24 years have passed… A long journey of encounters, the weaving of lives intertwined, of programs developed, of innovative and creative pedagogical concepts to support our young people in the Philippines and in France who have been through abuse and violence at a too young age.
And yet, this morning, after these 24 years of mission, here I am sitting in a barely swept room of the barangay, a kind of neighborhood town hall, where those endless colonies of insects ready to squat on our religious clothes are swarming, and I find myself with Jhaym* and Jhayv* spelling out L.U.M.P.I.A = lumpia (“spring rolls” in Filipino). With them, I am deciphering each letter and helping them understand how to associate sounds with letters. Aged 15 and 16, they can neither read nor write. Very quickly exposed to a difficult family situation, absence of imprisoned parents, they learned to survive by themselves, on theft and delinquency. Survival cannot be achieved in the singular, so we discovered with amazement that there are 58 of them in this neighborhood gang. 58 kids wandering around and being brought back regularly to the police station or the barangay (neighborhood leader), depending on their age and the crimes committed.
Since the pandemic made our visits to the youth homes impossible, we adapted to the new reality by listening to the needs that were within reach. When a door closes, a window opens… so we seized the opportunity to share our program with neighborhood youth in alternatives to jail. The need is so great! There are so many youth to support…so many unbelievable situations. The local government personnel welcomed us with gratitude and kindness because they don’t know how to stop this relentless delinquency.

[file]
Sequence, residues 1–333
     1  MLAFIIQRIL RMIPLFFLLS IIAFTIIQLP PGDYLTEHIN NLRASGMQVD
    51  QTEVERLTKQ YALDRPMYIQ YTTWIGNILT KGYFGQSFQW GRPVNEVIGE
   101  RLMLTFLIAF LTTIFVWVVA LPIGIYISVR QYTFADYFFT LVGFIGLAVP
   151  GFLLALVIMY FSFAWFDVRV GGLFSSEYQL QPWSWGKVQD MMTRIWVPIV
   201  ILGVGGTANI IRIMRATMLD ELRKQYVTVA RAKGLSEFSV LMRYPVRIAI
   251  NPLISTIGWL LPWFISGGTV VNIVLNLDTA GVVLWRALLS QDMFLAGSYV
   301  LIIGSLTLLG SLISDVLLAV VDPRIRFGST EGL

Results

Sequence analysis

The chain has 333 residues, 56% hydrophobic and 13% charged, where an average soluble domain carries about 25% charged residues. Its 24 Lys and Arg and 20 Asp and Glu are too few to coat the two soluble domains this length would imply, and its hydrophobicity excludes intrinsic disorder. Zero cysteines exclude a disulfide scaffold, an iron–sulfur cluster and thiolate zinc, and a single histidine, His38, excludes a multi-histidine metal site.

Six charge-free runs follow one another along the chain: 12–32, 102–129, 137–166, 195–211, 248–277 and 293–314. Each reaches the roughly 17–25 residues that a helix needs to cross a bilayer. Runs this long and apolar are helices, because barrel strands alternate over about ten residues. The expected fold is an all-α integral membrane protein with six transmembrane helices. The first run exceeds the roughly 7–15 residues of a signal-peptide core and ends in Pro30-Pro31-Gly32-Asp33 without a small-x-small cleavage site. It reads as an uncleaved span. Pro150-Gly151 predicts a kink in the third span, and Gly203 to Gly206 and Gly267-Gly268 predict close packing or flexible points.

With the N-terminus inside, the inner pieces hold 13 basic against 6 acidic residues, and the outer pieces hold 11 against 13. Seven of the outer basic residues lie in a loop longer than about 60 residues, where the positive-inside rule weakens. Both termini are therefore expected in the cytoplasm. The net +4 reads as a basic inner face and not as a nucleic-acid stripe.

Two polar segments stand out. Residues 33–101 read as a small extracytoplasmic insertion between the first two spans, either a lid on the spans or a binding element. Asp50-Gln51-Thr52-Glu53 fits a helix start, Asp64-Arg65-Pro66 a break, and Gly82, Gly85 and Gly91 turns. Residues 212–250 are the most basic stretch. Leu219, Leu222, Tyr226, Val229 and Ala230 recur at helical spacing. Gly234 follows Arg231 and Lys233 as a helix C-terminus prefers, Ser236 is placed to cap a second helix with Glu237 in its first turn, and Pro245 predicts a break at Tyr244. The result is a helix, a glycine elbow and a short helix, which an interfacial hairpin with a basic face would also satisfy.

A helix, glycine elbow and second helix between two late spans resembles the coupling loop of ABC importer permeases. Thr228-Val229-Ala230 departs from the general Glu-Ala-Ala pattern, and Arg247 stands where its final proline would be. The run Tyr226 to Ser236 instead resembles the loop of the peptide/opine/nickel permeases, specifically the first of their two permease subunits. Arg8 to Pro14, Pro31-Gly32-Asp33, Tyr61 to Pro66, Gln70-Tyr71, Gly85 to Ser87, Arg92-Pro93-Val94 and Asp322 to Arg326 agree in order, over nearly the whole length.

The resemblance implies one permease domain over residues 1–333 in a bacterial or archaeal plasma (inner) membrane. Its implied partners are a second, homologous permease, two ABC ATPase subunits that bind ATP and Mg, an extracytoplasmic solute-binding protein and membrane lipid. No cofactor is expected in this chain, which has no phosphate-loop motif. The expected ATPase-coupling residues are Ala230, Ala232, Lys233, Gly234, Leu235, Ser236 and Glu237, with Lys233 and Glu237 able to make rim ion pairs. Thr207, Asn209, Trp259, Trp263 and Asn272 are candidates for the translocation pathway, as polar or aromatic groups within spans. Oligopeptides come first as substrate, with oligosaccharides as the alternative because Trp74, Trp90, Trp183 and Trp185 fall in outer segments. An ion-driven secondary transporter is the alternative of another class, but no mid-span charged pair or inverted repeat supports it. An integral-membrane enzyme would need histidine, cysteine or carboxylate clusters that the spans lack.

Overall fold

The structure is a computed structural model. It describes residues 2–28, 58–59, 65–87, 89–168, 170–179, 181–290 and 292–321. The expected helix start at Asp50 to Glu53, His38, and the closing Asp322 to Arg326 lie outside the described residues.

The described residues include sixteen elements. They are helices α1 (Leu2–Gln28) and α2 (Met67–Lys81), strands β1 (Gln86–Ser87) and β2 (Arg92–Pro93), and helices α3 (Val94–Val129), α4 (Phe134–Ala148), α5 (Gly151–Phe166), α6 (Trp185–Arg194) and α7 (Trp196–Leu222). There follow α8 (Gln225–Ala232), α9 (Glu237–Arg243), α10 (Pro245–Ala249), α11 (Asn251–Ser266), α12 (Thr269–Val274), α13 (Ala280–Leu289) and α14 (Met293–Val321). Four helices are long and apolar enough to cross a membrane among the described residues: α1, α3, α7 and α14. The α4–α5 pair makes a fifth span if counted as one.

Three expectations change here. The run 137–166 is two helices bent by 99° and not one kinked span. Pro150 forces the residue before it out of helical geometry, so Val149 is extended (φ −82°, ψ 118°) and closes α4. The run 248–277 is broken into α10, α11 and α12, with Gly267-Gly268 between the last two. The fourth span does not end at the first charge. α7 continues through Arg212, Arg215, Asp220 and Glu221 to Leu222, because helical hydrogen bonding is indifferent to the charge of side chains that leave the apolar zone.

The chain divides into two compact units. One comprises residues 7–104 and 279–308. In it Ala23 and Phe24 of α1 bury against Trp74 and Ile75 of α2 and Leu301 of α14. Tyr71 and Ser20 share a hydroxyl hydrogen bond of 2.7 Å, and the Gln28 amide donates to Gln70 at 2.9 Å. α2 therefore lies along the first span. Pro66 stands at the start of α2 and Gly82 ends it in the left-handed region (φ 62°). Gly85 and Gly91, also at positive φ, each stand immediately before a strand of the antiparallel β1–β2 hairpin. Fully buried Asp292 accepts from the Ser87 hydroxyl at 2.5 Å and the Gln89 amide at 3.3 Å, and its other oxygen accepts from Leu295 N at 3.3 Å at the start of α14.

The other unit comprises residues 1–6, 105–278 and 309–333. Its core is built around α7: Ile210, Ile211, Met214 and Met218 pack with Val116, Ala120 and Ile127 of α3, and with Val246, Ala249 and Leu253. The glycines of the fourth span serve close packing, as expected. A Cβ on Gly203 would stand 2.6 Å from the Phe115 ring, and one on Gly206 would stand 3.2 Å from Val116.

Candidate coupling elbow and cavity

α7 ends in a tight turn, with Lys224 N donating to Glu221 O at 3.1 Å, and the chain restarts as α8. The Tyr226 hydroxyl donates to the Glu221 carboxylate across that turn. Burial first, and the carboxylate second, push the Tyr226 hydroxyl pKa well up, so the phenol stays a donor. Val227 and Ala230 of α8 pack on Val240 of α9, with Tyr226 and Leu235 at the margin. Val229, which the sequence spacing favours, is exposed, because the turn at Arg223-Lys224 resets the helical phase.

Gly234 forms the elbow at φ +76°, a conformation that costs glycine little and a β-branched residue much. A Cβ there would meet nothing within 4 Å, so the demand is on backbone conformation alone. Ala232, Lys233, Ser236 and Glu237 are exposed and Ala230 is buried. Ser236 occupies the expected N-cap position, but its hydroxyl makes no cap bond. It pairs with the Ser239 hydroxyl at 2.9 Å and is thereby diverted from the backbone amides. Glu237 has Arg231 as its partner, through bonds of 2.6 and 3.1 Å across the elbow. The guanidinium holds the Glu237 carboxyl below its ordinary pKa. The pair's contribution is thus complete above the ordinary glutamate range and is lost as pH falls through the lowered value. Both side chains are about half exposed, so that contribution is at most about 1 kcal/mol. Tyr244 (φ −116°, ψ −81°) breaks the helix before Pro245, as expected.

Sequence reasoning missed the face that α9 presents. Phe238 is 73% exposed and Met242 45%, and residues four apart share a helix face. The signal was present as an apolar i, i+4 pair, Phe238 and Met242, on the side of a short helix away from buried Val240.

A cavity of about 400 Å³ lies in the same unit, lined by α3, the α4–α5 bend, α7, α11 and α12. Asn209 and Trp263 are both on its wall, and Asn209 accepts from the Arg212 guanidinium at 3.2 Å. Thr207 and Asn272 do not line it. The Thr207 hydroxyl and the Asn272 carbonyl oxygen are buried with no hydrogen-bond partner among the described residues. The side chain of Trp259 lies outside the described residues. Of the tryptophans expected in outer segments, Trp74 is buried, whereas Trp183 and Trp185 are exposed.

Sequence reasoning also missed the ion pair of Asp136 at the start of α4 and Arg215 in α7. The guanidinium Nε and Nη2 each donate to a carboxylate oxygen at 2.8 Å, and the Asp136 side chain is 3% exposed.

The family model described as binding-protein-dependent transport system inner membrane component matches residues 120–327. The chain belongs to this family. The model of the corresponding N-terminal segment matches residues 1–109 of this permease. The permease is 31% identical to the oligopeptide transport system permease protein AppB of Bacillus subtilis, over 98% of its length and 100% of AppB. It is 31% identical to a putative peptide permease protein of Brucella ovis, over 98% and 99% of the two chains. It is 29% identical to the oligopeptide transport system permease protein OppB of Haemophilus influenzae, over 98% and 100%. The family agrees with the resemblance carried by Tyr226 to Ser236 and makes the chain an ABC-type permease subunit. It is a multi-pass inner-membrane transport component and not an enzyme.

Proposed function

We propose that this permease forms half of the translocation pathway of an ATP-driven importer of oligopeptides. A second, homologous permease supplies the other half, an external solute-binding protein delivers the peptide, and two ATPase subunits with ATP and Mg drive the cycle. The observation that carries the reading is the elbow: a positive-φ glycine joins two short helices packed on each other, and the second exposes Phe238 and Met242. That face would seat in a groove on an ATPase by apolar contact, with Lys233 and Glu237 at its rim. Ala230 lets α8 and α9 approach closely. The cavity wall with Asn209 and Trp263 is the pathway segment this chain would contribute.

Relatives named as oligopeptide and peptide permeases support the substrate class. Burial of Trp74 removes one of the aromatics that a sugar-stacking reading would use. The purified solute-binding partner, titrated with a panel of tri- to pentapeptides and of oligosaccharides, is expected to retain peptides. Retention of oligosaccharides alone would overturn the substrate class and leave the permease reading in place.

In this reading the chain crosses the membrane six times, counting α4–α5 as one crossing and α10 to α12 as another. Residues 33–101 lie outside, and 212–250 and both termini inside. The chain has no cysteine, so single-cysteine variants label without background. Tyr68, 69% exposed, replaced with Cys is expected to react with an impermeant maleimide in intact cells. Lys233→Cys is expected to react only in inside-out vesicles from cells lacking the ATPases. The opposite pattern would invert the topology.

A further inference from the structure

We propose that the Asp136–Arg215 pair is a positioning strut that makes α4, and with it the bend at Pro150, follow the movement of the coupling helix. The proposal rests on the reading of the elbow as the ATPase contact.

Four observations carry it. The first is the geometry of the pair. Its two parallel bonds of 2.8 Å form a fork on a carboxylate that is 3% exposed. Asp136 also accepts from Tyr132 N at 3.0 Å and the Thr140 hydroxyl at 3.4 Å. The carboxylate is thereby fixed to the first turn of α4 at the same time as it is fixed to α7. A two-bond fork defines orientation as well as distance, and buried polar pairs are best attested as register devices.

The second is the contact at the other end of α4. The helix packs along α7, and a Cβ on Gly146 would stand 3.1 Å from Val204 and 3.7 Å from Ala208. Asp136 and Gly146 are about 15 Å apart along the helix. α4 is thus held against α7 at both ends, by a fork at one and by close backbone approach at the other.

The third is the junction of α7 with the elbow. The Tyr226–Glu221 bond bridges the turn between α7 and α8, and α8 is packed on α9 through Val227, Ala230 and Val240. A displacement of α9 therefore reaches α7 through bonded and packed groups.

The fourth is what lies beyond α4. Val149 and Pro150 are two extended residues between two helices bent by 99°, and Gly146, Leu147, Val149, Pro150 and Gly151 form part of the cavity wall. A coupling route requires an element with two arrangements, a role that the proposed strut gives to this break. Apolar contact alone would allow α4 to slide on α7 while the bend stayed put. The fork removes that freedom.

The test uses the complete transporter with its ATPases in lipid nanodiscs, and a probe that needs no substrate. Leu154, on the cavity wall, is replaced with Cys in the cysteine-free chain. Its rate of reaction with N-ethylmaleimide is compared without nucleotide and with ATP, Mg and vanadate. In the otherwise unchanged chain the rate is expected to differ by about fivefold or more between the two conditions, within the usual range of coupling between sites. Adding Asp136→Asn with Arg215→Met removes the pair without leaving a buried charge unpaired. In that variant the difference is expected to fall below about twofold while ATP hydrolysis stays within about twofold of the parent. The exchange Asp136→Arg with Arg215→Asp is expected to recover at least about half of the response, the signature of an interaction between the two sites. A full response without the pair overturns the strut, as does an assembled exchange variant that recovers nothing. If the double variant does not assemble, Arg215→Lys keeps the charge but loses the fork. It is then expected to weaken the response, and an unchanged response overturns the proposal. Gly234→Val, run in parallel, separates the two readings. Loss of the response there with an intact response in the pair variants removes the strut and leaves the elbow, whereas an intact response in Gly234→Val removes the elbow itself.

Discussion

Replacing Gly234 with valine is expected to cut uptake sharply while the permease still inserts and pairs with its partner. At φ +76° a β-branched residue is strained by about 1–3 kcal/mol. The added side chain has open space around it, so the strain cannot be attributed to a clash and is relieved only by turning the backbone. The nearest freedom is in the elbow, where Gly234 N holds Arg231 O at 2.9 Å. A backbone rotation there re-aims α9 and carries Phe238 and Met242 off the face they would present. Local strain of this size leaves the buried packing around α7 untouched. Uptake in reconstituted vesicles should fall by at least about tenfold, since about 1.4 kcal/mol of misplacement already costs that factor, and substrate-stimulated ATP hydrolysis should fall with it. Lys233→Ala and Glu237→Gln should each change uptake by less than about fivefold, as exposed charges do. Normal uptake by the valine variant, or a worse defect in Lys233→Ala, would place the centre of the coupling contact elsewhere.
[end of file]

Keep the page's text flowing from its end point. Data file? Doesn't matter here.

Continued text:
From the first meeting, the team had to adapt. Training on emotion management, anger management, etc. had to wait, as well as preparation for any job interview, because of the reality in front of us; some of them needed to know how to read “mami, lumpia, lugaw”, others needed to know how to add, subtract, divide, and to be able to speak basic English at their request. So, while those lucky enough to have had a few years of schooling went ahead with our team, I sat with my two young guys.
Seeing Jhaym* hold up his pencil with clumsiness and pride, struggling to recognize the letter “T” in a word, taking glory in recognizing a few letters! His motivation was sheer delight. To encourage, to give confidence, to lift up… Our vocation. After eight months of accompanying these young people, the neighborhood “mayor” told us that the delinquency associated with this group had decreased. The youth have decided to change!
Not looking at the years wasted wandering… but focusing on the life to be gained for the future. Not looking at the vertiginous gap… daring to move forward, step by step, learning to extract the essence of each small victory, and courageously developing one’s own store of life intelligence made of constant learning and new discoveries.
This dynamic of constant learning and questioning enables us to be creative and innovative, whether in the Philippines or in France. This year, the participation of the ACAY Marseille team in a program dedicated to justice-related projects on a national scale has allowed us to see that we are also pioneers in the French context. As far as we know, there is no other association today that offers continuity in the follow-up of minors incarcerated in prison and upon their release, using a wholistic approach.
Your involvement and support at our side are a true source of creativity and inspiration. For this, we are deeply grateful!